Daily Real Estate News | Friday, April 14, 2017
Trim the belongings. “Instead of having lots of little things along a countertop or table, have one bold vessel or large plant, or a trio of objects that read as one whole,” says Laure Joliet, a photographer based in Los Angeles. “This helps anchor the photo and keeps the space feeling serene.” Keep plants and knick-knacks away from windowsills and off the piano top or coffee tables. In the kitchen, clear away all the refrigerator magnets, paper towels, and majority of small appliances. Before taking a photo in the bathroom, open the shower curtain, close the toilet lid, and remove all toiletries from counters. Keep everything clutter-free.
Harness the light. Wash the windows and open the curtains or pull up the blinds, suggests photographers in The New York Times’ article. “Natural light allows for depth in the shadows and highlights in the window, which makes a room look the way it feels,” Joliet says. “It can make your real estate photos look that much more high-end and designed.”
Add in some pops of color. Accents like colorful flowers or a throw pillow can help enhance the photos. “Instead of a fussy bouquet, a vase filled with one type of flower, or greens is best,” Joliet says. She recommends eucalyptus branches. To drape a throw: Grab the middle of the blanket and hold it up so that it cascades evenly down. Place it diagonally at the foot of the bed “with the point up toward the long side of the bed and the fringes hanging slightly off the front,” says Donna M. Dazzo, president of Designed to Appeal, a home-staging firm. To drape it over an armchair, tuck the bottom behind a throw pillow or allow the throw to cascade off the arm, she says.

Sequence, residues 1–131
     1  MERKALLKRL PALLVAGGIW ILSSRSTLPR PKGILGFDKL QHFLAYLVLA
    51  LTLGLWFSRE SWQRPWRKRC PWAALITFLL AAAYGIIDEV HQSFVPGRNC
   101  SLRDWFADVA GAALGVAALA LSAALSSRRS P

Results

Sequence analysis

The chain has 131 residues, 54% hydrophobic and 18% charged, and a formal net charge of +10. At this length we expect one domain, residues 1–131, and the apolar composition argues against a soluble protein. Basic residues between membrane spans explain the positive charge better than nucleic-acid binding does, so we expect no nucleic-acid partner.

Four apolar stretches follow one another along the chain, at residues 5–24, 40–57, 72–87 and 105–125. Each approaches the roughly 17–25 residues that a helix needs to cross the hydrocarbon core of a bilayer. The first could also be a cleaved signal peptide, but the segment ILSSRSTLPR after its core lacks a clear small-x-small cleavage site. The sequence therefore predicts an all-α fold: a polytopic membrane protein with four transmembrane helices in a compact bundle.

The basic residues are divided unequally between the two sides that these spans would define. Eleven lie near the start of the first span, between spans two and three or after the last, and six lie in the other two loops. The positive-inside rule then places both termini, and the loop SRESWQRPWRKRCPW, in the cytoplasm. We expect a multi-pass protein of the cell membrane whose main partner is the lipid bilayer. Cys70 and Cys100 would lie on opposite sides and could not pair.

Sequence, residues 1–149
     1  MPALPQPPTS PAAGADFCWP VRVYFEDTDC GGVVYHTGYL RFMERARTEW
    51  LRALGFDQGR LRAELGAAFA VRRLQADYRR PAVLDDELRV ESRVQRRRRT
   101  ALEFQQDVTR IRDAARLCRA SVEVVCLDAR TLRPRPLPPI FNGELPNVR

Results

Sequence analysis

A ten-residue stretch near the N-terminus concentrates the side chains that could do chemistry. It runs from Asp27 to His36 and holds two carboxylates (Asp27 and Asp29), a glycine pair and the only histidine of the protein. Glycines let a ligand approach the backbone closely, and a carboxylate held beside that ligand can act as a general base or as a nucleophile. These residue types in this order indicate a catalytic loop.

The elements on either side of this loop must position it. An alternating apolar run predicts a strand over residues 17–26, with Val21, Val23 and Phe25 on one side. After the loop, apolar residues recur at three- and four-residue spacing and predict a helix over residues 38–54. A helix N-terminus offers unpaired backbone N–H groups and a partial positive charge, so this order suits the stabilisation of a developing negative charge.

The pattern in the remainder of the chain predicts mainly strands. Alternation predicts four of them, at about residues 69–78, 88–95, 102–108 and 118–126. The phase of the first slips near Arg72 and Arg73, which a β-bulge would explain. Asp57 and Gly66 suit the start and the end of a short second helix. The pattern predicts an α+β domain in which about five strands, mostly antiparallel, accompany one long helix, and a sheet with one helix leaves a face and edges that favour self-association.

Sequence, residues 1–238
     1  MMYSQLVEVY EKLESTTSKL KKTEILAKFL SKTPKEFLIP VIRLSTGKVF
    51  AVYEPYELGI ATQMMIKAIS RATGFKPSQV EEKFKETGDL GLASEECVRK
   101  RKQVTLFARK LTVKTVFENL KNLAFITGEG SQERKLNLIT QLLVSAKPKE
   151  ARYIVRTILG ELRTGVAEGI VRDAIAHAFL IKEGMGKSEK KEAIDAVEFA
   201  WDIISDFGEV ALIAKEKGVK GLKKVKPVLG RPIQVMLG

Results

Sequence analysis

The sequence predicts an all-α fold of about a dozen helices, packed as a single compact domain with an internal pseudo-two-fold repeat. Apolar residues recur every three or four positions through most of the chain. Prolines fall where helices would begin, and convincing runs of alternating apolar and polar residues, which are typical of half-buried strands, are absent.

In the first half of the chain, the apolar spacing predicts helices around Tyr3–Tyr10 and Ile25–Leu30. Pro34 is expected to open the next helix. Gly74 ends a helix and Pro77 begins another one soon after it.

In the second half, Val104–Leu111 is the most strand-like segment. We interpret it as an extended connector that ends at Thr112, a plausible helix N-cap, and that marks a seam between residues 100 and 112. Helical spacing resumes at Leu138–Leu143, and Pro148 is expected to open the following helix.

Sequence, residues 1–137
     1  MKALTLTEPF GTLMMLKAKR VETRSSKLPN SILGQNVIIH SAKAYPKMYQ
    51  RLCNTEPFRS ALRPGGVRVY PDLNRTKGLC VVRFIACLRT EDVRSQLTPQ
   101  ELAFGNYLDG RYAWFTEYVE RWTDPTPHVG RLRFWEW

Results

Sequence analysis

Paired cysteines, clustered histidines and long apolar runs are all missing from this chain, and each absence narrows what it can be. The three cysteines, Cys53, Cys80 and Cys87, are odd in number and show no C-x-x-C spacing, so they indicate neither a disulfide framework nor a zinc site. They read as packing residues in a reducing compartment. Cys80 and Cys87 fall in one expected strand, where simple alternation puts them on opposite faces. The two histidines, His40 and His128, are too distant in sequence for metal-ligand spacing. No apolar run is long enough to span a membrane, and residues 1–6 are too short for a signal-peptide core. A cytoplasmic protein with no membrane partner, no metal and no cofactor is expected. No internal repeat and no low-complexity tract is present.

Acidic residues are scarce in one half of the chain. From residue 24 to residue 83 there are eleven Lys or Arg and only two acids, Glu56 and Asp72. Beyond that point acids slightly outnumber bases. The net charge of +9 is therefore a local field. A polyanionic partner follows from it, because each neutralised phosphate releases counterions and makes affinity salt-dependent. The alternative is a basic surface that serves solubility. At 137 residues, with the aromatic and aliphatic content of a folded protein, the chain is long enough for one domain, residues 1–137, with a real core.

Hang artwork lower. “We tend to place our art a little bit lower than maybe somebody would in personal use, because in a photo, if you place it too high, the ceiling looks very low,” David C. Salvatore, creative director for Edge Mid-Century Designs in Clifton, N.J., told The New York Times. “Everyone loves high ceilings—and certainly, if you have the ceilings, you need to put in a huge vertical piece” to make sure you show the height.”
Focus on curb appeal: Prune overgrown trees, particularly those that are obscuring the view of the house in any way, Alberto Lau, a real estate photographer in San Diego, told The New York Times. “Take the cover off the barbecue grill unless it is hopelessly rusty, in which case it’s better to move it [out of] the frame of the photo,” he says. Keep any cars away from the front of the house or driveway (place cones or signs, if necessary, to keep others away from parking in the front the day you shoot). Make sure the leaves are raked and trash bins are hidden from view.
“Copyright National Association of REALTORS®. Reprinted with permission.”